Gritty spy drama centered round a covert elite operations section of British Intelligence.
20 episodes of 50 minute duration. 1978-80
British television comes in all forms and perhaps one of the most original, honest, witty and fascinating series was the 1978-80 Yorkshire Television series, "The Sandbaggers" about the world of professional secret agents.
The series centered round a covert elite operations section of British Intelligence commonly known as the S.I.S. (Secret Intelligence Service), but nicknamed 'Sandbaggers', and their leader, Neil Burnside, who was having more and more to deal with British bureaucracy than enemy agents. The series was set contemporaneously when the Cold War was still in full swing. The series was known for showing the realistic side of international espionage. It was not at all like the glitz and glamour of James Bond, but a grim, lonely, thankless world, often bogged down in office politics.
Unlike his glitzy counterpart James Bond, Burnside wasn't concerned with being suave and bedding dozens of women in every country. The tools of his trade were more low-tech than high. His team of agents didn't use lasers concealed in cigarette lighters, or pen-sized walkie-talkies, but rather a desk covered with unfinished paperwork and stale cigarettes. The agent's battles didn't take them to far off exotic locales, instead to British government offices. At best, the work of the 'Sandbaggers' is dirty, ugly and thankless. At worst, it could leave them stranded anonymously in a dank prison behind the Iron Curtain for the rest of their lives. For most of the time, the Sandbaggers operated in a shadowy world of midnight rendezvous, border crossings, prisoner exchanges and double cross.
The people who work for the S.I.S. are as dedicated as any other people who firmly believe in the justice of their cause. Yet, their work would wear down their souls. In their world, conscience is an early casualty; cynicism is standard and fatalism and survival mechanism.
Mystery writer, Ian MacKintosh, who had served as a Lt. Commander in the British Royal Navy from 1958-76, created the series. It has been rumored that he'd also spent time as an espionage agent. MacKintosh wrote his first novel, "A Slaying In September", in 1967 and went on to write nine novels in total, including scripting numerous teleplays and scripts for various television series including "Warship". MacKintosh penned all but three of the series twenty episodes. If it were true that MacKintosh had spent many years as a secret agent, the end result of his time help make "The Sandbaggers" a tight, realistic, intriguing series that was considered by many to be a very accurate portrayal of the field.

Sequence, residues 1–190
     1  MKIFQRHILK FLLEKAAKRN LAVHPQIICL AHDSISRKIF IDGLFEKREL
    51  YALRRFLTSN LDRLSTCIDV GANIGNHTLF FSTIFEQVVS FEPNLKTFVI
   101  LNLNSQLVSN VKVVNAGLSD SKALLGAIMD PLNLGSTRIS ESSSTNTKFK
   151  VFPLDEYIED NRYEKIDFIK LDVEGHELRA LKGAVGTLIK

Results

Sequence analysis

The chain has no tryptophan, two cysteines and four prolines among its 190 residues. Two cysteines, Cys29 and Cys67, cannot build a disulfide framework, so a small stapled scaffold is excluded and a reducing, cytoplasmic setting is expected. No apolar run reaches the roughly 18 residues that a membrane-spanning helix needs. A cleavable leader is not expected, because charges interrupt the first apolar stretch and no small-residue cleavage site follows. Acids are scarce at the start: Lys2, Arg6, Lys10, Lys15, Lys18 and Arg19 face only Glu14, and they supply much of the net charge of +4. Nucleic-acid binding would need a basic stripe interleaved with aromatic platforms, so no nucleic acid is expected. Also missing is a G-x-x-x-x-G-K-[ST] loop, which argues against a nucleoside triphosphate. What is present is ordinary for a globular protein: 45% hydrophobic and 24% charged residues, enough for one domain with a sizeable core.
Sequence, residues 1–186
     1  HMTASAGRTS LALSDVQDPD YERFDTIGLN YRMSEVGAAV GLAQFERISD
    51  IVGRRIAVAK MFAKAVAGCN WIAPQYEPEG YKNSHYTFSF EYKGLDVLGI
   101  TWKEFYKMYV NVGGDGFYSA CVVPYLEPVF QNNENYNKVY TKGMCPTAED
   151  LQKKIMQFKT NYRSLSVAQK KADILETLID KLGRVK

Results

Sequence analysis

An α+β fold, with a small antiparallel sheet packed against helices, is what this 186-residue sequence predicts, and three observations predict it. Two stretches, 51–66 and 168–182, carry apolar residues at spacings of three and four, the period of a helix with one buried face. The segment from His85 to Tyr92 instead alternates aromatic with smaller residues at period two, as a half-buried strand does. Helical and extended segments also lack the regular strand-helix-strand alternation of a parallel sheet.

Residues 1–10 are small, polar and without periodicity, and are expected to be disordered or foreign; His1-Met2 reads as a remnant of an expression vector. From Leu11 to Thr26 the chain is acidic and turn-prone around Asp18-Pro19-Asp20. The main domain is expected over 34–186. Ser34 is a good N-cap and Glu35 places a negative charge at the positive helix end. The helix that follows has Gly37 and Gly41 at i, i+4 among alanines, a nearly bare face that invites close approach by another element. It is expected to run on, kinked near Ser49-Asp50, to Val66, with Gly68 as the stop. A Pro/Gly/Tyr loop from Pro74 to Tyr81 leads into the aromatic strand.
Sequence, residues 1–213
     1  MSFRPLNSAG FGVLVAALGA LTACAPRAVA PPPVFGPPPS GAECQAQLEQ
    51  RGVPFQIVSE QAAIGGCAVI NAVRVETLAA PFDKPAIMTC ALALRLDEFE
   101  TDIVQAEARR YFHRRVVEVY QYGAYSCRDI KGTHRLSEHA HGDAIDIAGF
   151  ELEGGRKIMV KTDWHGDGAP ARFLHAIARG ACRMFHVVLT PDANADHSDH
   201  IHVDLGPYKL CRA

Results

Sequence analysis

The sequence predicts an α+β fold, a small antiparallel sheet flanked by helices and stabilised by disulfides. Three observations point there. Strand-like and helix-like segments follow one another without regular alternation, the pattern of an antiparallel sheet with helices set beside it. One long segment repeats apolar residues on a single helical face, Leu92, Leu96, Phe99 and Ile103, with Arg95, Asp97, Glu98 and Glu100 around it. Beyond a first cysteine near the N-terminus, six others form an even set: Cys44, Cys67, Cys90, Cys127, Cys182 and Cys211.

The series starred Roy Marsden as Neil Burnside who was the Director of Operations for the British S.I.S. Burnside himself was a former agent, and believed in a no-hold's-barred attitude when dealing with the KGB, and other foreign agents. He is rather ruthless in his work and therefore seems to have no qualms about lying to underlings, equals or superiors to achieve his ends, and frequently mounts operations without official approval. Burnside could be rather callous, brutal and emotionless.
Burnside's assistant was Willie Caine, played by Ray Lonnen, who was the senior officer in the Special Section. Caine was an ex-paratrooper sergeant seconded to the S.I.S. He hates violence and is sometimes horrified by Burnside's ruthlessness, but is described by Burnside as the best special agent in the world.
Burnside's dedicated Personal Assistant (Elizabeth Bennett, later Sue Holderness) helps him fight frequent inter-office battles. Although Burnside usually has the tacit consent of "C, he frequently has to prove his case to the Permanent Undersecretary who represents S.I.S.' interests in the Foreign and Commonwealth Office, silky-smooth Sir Geoffrey Wellingham (Alan MacNaughtan), who also happens to be Burnside's former father-in-law. "C" was the powerful director of S.I.S. (originally Richard Vernon, later Dennis Burgess). He was a career diplomat who showed a surprising amount of sense when dealing with the S.I.S. He frequently knew when to dive head first into a mission, and when not too. Sir Geoffrey was the official liaison between the government and the S.I.S. He was a canny, intelligence-wise official who above all, remained a career politician.
Burnside also frequently enlisted the unofficial help of the head of the CIA's London station, the perpetually rumpled Jeff Ross (Bob Sherman). Jeff was a good old boy whose friendship with Neil keeps the 'special' relationship going. Both Ross and Burnside were willing to bend the rules for each other, but Jeff often displayed the classic 'cover my back' mentality and was not above pulling the occasional 'fast one', under CIA orders, at S.I.S.' expense.
Matthew Peele, as played by Jerome Willlis, was the pedantic and priggish Deputy Chief that specialized in thwarting Burnside's attempts to bypass the proper bureaucratic process.
The first episode of "The Sandbaggers" was broadcast on the ITV network on September 11, 1978. Titled "First Principles", and written by Ian MacKintosh and is a prime example of the caliber of script that became standard for the entire series run. As a result the series became extremely popular with its viewers.
Sadly, "The Sandbaggers" only aired for three seasons and came to a sudden end in mid-1980. A fourth season was in the planning but the series never progressed any further when Ian MacKintosh was mysteriously killed in a plane crash while flying over the Gulf of Alaska. The series has been screened on select PBS stations in the United States, while the CBC aired the series in its entirety in the late 1980's.
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